The latest photos of the M87 black hole capture light from around a black hole at the center of the Messier 87 galaxy, which is 16.4 Mpc ($5.06 \times 10^{20}$km) from our milky way.

Why couldn't / didn't the scientists involved take photos of black holes less distant, for example those at the center of our Milky Way or Andromeda (0.77 Mpc) or Triangulum Galaxy? Wouldn't these black holes appear larger and the photos have greater detail / resolution and be easier to capture?

My intuition would be that maybe black holes at the center of closer galaxies aren't as large, or maybe they have more matter in the way / aren't directly aligned with our view from earth making it harder to capture them, but I don't know for sure.


2 Answers 2


The "size" (Schwarzschild radius) of a black hole is directly proportional to its mass. The figure of merit that has to be considered, in order to resolve any spatial detail, is the angular diameter of the black hole as viewed from Earth. This will scale as $M/d$, where $d$ is the distance.

My understanding is that the black hole in the centre of M87 and Sgr A* at the centre of our Galaxy are the two black holes with the largest value of $M/d$.

Sgr A* : $M/d \sim 4\times 10^{6}/8 = 5\times 10^{5}\ M_{\odot}$/kpc;

M87 : $\ \ $ $M/d \sim 6\times 10^{9}/16\times 10^3 = 3.8\times 10^5\ M_{\odot}$/kpc.

Your suggested alternatives.

Andromeda : $M/d \sim 2\times 10^8/8\times 10^2 = 2.5\times 10^5\ M_{\odot}$/kpc;

Triangulum: doesn't have a known central supermassive black hole?

So Andromeda is not a crazy target. It's angular size is only 2/3 that of M87. However, another issue is how many of the 8 telescopes in the network can view Andromeda at any one time? It's impossible for the South Pole (as was M87), but also not visible for very long from Chile, so there is a reduced baseline coverage.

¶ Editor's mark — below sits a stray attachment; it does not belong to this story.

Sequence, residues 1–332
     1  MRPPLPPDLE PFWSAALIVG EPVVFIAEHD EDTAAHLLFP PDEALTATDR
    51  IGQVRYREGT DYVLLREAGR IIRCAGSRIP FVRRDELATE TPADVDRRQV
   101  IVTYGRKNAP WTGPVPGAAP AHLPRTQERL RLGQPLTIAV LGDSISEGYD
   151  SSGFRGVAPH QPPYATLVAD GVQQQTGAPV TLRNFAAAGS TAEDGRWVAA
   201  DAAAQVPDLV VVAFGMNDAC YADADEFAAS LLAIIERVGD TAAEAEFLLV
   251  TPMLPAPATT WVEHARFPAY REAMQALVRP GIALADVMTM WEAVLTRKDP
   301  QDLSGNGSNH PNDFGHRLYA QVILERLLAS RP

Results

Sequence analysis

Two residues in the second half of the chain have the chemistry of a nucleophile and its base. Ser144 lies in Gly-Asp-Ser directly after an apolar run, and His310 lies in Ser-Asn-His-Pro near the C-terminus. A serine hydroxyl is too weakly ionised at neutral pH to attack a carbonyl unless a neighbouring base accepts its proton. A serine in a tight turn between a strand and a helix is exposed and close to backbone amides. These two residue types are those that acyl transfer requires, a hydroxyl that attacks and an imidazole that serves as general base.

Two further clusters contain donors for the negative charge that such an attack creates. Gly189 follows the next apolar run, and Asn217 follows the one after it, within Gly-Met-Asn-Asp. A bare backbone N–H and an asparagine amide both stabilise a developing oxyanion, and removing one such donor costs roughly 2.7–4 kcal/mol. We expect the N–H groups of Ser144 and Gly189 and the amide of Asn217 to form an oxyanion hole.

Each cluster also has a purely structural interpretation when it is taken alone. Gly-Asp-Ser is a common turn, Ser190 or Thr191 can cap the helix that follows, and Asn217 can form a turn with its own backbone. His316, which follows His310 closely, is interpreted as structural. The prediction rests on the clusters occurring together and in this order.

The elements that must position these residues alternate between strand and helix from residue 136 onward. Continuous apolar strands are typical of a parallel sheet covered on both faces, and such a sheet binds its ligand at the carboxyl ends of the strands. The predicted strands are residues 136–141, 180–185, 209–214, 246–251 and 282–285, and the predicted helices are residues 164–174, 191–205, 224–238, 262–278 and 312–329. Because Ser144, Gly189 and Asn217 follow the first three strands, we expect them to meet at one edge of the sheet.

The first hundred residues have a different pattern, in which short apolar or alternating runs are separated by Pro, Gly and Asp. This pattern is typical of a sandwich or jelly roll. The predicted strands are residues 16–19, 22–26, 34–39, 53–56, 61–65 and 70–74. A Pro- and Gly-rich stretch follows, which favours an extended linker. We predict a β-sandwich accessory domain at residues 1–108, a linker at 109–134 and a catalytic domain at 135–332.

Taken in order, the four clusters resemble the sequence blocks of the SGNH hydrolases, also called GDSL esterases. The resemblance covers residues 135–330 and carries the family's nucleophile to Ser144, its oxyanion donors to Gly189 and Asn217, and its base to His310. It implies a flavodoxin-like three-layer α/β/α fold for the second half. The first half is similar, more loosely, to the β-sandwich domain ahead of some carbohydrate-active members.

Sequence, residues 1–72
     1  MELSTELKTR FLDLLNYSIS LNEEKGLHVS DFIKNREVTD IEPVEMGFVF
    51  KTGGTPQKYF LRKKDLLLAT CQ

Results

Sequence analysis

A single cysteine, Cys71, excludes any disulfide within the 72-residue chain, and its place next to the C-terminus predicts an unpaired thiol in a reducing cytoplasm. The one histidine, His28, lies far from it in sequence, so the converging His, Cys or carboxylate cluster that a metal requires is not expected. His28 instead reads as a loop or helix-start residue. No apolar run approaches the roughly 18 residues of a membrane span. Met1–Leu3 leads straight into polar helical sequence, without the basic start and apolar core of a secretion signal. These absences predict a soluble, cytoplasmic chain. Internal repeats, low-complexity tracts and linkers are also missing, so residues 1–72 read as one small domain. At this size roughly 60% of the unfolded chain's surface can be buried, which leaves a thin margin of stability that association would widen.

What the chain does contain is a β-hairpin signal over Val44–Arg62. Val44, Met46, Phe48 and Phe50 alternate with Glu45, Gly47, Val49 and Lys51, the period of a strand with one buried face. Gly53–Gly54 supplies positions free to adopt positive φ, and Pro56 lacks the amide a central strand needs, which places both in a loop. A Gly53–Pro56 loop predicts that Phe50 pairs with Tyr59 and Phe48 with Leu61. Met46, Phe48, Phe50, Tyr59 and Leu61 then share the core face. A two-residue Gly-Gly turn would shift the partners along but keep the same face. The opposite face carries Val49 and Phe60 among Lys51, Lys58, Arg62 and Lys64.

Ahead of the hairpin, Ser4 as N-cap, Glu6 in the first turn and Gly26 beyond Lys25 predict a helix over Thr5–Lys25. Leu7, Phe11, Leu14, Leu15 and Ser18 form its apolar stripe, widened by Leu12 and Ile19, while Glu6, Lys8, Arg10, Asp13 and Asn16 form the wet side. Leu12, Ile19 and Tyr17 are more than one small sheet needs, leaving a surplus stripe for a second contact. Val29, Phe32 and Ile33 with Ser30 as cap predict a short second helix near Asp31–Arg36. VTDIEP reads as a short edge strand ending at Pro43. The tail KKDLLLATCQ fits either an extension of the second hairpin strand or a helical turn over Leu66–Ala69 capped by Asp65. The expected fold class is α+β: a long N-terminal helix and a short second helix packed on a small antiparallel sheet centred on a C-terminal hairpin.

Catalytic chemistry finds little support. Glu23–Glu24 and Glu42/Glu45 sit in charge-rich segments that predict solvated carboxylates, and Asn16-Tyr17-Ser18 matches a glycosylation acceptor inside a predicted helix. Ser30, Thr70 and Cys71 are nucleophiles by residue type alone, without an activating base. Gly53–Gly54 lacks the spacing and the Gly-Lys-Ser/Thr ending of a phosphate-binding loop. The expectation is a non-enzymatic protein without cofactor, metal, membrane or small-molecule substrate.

A further crucial argument is to consider the timescale of variability in the object. In order to co-add images you need be sure the image is stable on long enough timescales. But the timescale of variability for accretion-illumination in a black hole is proportional to its mass (see Why was M87 targeted for the Event Horizon Telescope instead of Sagittarius A*?) and this timescale is only about 2 minutes for Sgr A* and and hour os so for Andromeda. This makes less massive black holes harder to image with this interferometric technique.

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    $\begingroup$ Nice, I understand now. I wasn't aware of the $M/d$ angular size metric. From your figures, that makes my suggestions an order of magnitude smaller, wow! I didn't know if Triangulum had a supermassive black hole or not, my mistake $\endgroup$
    – PyRsquared
    Commented Apr 11, 2019 at 12:39
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    $\begingroup$ "The "size" of a black hole is directly proportional to its mass." If by size you mean volume, that is not true. Nor is it true for solid angle. Only if you're talking about angular diameter is it true. $\endgroup$ Commented Apr 11, 2019 at 15:43
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    $\begingroup$ Ah, the global coverage issue. As the old saying goes, the Earth may be small, but it blocks your view of half the universe. $\endgroup$
    – J.G.
    Commented Apr 11, 2019 at 21:13
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    $\begingroup$ @J.G. Except for gravitational wave and neutrino astronomers. Lol. $\endgroup$
    – ProfRob
    Commented Apr 11, 2019 at 22:29
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    $\begingroup$ @RobJeffries Yes, I strictly meant electromagnetic view. $\endgroup$
    – J.G.
    Commented Apr 11, 2019 at 22:30

Since this isn't covered by Rob Jeffries' answer, let me add that Sagittarius A* (the black hole in the centre of Milky Way) was considered, but as explained by Heino Falcke at press conference revealing the photo (quoted after Deccan Herald)

Sagittarius A Star is 1000 times faster and smaller. Its like a toddler who is moving constantly. In comparison, M87 is much slower, like a big bear,

On the other hand both M87 and Sgr A* were "photographed" (i.e. data required was captured) it was just "easier" task to process data for M87 so we may expect picture of Sgr A* as the next one in some time.

As stated on EHT webpage

We study supermassive black holes Sgr A* and M87 because their apparent sizes are much larger than those of stellar-mass black holes when viewed from the Earth, so they are easier to study.


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